22        Q.   Did we have aerial bombs?  Why did we have them and how did we

23     use them?

24        A.   Yes, we did have aerial bombs.  As an asset which proved itself

25     useful.  It was something we needed.  We were put in a situation where we

Page 32769

 1     needed to have more destructive or stronger weapons which would address

 2     the situations and circumstances which could not have otherwise been

 3     resolved if we wanted to use smaller types of weapon.

 4        Q.   Did you have these smaller types of weapon in sufficient

 5     quantities, such as shells of different calibre that were being produced

 6     in the Pretis factory?

 7        A.   The Pretis factory was one thing, whereas the VRS is a much

 8     larger entity than the SRK alone.  We received some of it from the Pretis

 9     company but not enough.  It confirms what I said before.  The Pretis

10     factory could not produce sufficient quantities because they did not have

11     enough raw materials.  We did not have sufficient assets to conduct our

12     defence adequately.

13        Q.   Thank you.  When the Prosecutor calls those bombs "modified air

14     bombs" in its documents, can you tell us, is it the bomb itself that was

15     modified or is it the way it was launched modified?  What was it that was

16     actually modified?

17        A.   There was no modifications done to the air bomb in terms of its

18     power, the way it exploded, and so on and so forth.  It remains a

19     classical bomb, just as it used to be, and that's as far as the air bomb

20     is concerned.  The modification in question and the term that was used

21     had to do with the way it was launched.  It was not us who called it a

22     modified aerial bomb.  We just called it an aerial bomb.  What was

23     modified was the way it was launched.  It was no longer thrown from the

24     air.  It was launched from the ground from a launcher.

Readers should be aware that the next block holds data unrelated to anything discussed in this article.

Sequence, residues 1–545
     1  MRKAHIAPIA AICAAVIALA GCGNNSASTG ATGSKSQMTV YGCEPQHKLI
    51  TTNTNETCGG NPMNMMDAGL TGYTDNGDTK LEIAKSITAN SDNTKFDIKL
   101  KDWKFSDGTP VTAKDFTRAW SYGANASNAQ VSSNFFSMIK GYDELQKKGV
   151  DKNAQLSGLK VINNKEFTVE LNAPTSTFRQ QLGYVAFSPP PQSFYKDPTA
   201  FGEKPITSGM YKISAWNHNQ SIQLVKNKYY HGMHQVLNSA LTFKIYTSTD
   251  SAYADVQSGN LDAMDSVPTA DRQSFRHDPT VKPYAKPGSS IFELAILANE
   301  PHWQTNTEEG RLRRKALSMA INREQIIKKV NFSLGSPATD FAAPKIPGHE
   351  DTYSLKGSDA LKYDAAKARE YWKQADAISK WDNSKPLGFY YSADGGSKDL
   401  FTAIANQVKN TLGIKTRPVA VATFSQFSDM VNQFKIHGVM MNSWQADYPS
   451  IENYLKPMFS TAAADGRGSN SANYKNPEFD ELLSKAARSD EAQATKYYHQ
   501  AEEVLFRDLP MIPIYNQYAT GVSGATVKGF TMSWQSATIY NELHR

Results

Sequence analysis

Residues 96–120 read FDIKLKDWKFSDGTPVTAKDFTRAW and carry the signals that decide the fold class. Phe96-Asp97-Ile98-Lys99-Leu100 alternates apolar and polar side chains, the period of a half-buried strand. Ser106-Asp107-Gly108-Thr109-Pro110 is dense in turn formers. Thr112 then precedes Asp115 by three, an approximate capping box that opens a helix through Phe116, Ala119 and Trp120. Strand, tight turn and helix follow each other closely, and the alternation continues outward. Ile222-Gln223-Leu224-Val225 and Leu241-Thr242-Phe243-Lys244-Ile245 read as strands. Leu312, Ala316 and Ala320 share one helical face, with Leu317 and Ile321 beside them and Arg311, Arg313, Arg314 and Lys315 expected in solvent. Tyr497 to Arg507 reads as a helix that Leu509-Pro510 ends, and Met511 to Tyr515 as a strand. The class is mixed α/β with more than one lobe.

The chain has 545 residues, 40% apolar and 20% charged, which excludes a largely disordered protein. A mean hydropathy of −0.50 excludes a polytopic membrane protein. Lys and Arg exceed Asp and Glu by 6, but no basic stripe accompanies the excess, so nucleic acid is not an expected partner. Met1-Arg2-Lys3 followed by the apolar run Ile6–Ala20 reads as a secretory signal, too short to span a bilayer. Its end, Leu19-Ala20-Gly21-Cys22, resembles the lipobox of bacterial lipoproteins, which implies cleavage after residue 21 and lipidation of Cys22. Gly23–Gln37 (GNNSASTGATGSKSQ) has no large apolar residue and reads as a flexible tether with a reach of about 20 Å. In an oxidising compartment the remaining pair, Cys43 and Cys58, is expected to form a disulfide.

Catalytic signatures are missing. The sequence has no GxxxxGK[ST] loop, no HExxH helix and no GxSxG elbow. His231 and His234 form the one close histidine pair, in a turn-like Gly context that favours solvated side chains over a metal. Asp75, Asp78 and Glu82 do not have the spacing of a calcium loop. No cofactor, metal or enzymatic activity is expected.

25        Q.   How was it launched?  What was its fuel?  What powered it?

Page 32770

 1        A.   First of all, if I may be allowed to say something.  I went

 2     through all of those stages in my case and what arose was a statement

 3     that the Sarajevo-Romanija Corps actually invented that kind of bomb,

 4     that the Sarajevo-Romanija Corps used it first, ever.  My information is

 5     different so I'm going to give you a totally different story.

 6             As early as in 1981 or in 1982, I was a battalion commander.  I

 7     attended a training course after Strela 1, a type of anti-aircraft

 8     weapon, was launched.  That training took place in Slovenia and we were

 9     trained to launch that type of weapon.  And then I saw a launcher and a

10     model of an aerial bomb launched from it.  The crew was thus trained to

11     use that Strela anti-aircraft weapon.  I paid good attention to that

12     Strela weapon and to what we were being told.  Unfortunately, I did not

13     pay as much attention to the launcher and the way that asset was fired.

14     It was only later that it occurred to me that the Sarajevo-Romanija Corps

15     could not have been a creator of that aerial bomb because that had

16     already been done and tested in other places.  And the change consists in

17     the way that bomb was launched, not from the air but from the ground, and

18     it was not our product.

19        Q.   What about the fuel?  What about the way those bombs were fired?

20     What was their nature?  How precise they were?

21        A.   I can tell you everything and I can explain.  At the corps

22     command we designated Lieutenant-Colonel Milan Ugresic and we engaged him

23     to be that link.  But before that, before that, I have to tell you that

24     the Sarajevo region and the factories in Sarajevo, such as Pretis, Orao,

25     and so on and so forth, they all had purpose production.  In that area

Page 32771

 1     there was a host of engineers, a host of experts in weapons.  They always

 2     offered us to improve things or to create things for us.  We could not